The trade ministry released Friday a roadmap to shepherd Japan’s economy away from fossil fuels, and foster growth in green energy industries to bring within reach Prime Minister Yoshihide Suga’s pledge to eliminate net carbon dioxide emissions by 2050.
The report — which calls for strong government spending to subsidize and incentivize emissions reduction, and innovation in more than a dozen industries — details the potential economic growth that can be expected if the country reaches net zero carbon emissions.
Not only does the plan provide a tentative framework to support Suga’s vow in October to achieve decarbonization within three decades, it represents a major shift in the central government’s attitude in treating renewable energy not as a barrier to economic growth but as a catalyst.
“To divest from fossil fuels, shift to renewable energy and eliminate carbon emissions should not be seen as a restriction of economic activity, but as an opportunity to take advantage of inevitable change,” a trade ministry official told reporters Thursday. “The central government will stand behind the private sector in leading the shift to a carbon free society.”
The report designates 14 industries in which significant growth and investment are key to achieve decarbonization. These include offshore wind, ammonia fuel, hydrogen, nuclear energy, cars, shipping, airlines, semiconductors, logistics, agriculture, carbon recycling, housing, energy recycling and the lifestyles of individual people.
According to the trade ministry’s outline, the government aims to raise offshore wind energy output to 45 million kilowatt-hours by 2040, hydrogen power consumption to 20 million tons by 2050, promote nuclear energy abroad but halt domestic projects, decarbonize the agriculture industry and reduce coal-fired power consumption to the point where carbon recycling technology can be developed to nullify the remaining harmful emissions.
By targeting these industries, the trade ministry aims to mobilize more than ¥240 trillion in private sector savings through investment, regulation, subsidies and tax incentives. In doing so, it expects the cumulative economic impact to reach ¥90 trillion in 2030, and ¥190 trillion by 2050.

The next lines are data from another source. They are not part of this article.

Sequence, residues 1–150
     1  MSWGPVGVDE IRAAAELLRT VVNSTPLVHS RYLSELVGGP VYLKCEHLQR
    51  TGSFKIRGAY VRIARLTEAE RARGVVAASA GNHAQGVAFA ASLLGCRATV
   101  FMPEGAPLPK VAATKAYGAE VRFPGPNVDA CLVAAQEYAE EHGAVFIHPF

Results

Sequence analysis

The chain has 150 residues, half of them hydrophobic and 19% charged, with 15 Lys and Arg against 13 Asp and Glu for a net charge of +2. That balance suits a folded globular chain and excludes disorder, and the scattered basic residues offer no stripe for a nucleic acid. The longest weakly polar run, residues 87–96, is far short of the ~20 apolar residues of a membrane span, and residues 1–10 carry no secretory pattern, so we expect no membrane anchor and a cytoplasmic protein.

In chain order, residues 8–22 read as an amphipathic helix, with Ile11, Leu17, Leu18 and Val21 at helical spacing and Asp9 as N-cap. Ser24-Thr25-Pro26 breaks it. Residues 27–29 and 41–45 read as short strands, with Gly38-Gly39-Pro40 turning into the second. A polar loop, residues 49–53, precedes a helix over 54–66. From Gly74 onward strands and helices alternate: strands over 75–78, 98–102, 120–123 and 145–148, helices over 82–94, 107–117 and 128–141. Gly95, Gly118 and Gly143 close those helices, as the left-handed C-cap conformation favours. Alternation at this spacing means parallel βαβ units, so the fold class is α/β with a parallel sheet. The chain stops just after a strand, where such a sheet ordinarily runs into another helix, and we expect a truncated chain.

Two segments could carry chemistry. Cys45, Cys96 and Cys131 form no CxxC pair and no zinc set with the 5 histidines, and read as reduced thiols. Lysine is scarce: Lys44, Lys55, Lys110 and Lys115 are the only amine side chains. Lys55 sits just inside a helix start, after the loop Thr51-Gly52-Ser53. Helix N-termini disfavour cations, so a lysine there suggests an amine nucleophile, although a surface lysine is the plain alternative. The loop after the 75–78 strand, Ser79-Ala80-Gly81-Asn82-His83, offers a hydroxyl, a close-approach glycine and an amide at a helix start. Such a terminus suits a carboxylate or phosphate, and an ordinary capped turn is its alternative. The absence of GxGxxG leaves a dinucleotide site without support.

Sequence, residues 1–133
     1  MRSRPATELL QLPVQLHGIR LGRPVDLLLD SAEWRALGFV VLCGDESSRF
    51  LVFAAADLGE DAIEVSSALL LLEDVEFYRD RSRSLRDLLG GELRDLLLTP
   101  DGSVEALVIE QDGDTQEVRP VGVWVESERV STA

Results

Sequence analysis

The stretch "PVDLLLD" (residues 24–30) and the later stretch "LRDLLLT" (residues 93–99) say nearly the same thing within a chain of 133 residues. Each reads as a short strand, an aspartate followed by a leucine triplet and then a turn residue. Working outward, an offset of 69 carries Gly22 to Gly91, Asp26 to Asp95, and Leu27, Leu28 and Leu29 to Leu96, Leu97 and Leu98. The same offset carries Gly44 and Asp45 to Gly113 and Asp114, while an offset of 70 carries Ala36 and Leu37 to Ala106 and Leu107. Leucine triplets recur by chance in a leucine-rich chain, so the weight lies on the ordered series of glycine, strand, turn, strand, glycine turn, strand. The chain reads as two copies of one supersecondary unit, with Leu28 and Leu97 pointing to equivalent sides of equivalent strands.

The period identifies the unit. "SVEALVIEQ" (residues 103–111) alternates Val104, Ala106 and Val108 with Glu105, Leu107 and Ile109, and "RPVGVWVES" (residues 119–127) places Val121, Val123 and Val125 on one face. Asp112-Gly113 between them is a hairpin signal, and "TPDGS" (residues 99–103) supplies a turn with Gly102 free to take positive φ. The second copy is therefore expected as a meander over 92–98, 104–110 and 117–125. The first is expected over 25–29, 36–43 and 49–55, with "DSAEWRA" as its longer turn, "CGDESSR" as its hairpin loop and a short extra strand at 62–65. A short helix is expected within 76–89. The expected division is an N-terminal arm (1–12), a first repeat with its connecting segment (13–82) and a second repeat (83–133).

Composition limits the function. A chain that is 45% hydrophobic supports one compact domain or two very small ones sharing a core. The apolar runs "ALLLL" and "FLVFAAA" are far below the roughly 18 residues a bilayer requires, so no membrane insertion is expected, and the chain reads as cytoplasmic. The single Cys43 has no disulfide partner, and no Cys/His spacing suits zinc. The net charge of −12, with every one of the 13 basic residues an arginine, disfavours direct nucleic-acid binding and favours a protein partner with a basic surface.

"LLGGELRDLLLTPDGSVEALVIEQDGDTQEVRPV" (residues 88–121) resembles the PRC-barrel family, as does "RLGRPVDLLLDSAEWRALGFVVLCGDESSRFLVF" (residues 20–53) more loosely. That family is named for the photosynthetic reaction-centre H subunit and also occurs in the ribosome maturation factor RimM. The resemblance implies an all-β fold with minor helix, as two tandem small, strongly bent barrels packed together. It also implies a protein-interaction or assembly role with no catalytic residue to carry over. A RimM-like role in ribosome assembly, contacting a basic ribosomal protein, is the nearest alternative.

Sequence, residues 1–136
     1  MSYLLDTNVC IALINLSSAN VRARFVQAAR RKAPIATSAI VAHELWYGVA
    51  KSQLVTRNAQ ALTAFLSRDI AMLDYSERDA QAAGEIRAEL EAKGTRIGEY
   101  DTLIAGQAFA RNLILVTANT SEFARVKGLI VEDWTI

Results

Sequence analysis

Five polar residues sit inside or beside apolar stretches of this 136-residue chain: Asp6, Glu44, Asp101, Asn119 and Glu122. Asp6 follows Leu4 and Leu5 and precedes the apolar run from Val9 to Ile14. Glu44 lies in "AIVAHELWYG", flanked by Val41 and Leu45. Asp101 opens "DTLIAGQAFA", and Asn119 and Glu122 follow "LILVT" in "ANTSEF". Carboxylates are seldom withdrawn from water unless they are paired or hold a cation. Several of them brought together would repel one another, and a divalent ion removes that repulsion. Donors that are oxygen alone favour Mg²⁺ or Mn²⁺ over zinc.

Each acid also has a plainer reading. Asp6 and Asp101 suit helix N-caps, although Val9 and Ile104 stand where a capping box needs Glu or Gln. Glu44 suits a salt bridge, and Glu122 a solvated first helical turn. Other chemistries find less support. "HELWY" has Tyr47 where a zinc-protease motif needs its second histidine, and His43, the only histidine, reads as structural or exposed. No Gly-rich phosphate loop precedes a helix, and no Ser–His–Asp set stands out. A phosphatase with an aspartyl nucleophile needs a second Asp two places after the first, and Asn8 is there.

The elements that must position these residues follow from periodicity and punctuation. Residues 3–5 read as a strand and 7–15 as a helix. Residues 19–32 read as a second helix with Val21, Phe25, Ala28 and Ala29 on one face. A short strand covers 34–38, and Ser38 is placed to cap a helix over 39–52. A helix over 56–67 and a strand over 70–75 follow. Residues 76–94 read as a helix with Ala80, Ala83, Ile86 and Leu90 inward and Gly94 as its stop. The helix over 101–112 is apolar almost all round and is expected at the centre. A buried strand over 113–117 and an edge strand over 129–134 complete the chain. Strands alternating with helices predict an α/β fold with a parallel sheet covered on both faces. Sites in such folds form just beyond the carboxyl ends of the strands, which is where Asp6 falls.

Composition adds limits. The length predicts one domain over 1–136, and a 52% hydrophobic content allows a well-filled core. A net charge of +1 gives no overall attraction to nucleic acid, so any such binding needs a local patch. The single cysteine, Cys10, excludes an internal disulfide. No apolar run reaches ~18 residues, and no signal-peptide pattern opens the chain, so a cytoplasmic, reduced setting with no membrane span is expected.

While the plan is tentative, officials said the government would begin to take steps where it could as soon as possible. They added that the plan was only a projection and that its implementation will depend on the country’s energy portfolio, which is decided by a Strategic Energy Plan set to be revised some time before June 2021, pending government discussions that began in October this year.
Still, questions remain concerning the country’s willingness to overhaul the world’s third largest economy and slash harmful greenhouse gas emissions to curtail climate change. Japan is also the world’s fifth largest emitter of carbon dioxide.
The government aims to reduce the more than 1 billion tons of greenhouse gases the country emitted in 2018, according to the trade ministry, to 930 million in 2030 and net zero by 2050.
At the same time, the ministry projects that domestic demand for electricity will grow by between 30% and 50% by 2050. Electricity accounted for 37% of the country’s carbon emissions in 2018, while 25% came from manufacturing, 17% from transportation and 10% from households and businesses.
The government also aims to ban the sale of new gasoline automobiles in the first half of the 2030s. Trade ministry officials said the country aims to announce some time during the summer of 2021 its plan to make all new commercial and passenger vehicles completely electric.
The plan, however, will not ban the sale of hybrid vehicles. The omission has drawn criticism from opponents who say the government is easing into the transition away from gas-powered cars in a bid to appease automobile manufacturers.
Earlier this month, Tokyo Gov. Yuriko Koike announced a nearly identical plan for the city, different only in that the capital will aim to ban sales of new gasoline cars by 2030.
“Tokyo has and will continue to lead the country’s efforts to reduce harmful emissions,” Koike said during an exclusive interview Wednesday. “By setting ambitious goals, the capital can push the country forward.”
Suga’s announcement in October — that Japan would strive to achieve net zero carbon dioxide emissions by 2050, as was demanded of all countries in the 2015 Paris Agreement — was met with skepticism and doubt from supporters and critics alike.
Climate advocates criticized his commitment to nuclear energy and carbon capture technology, while many private sector corporations in the energy industry were resistant to back a plan that would almost certainly upend their business models.
“With the economy and the environment situated as two pillars of the country’s growth, my administration will make the utmost effort to achieve a green society,” Suga said in October. “It needs to be understood that global warming countermeasures could transform the economy and foster growth, not hinder it.”
The Paris Agreement calls on nations to keep global warming from exceeding 2 degrees Celsius above pre-industrial levels, a critical benchmark that scientists say would trigger the beginning of a collapse in many of Earth’s ecosystems and spell disaster for humankind.
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Two years of Kashmir unrest, political void and a sinking economy – Al Jazeera English
Srinagar, Indian-administered Kashmir – Two years after the Modi administration stripped Indian-administered Kashmir of its limited autonomy, political activity in the disputed region is in a deep freeze, businesses are struggling, while people’s rights are being suppressed through stringent laws.
On this day two years ago, India’s Hindu-nationalist government led by Prime Minister Narendra Modi scrapped the region’s special status guaranteed by India’s constitution decades ago and turned the country’s only Muslim-majority state into a federally controlled territory.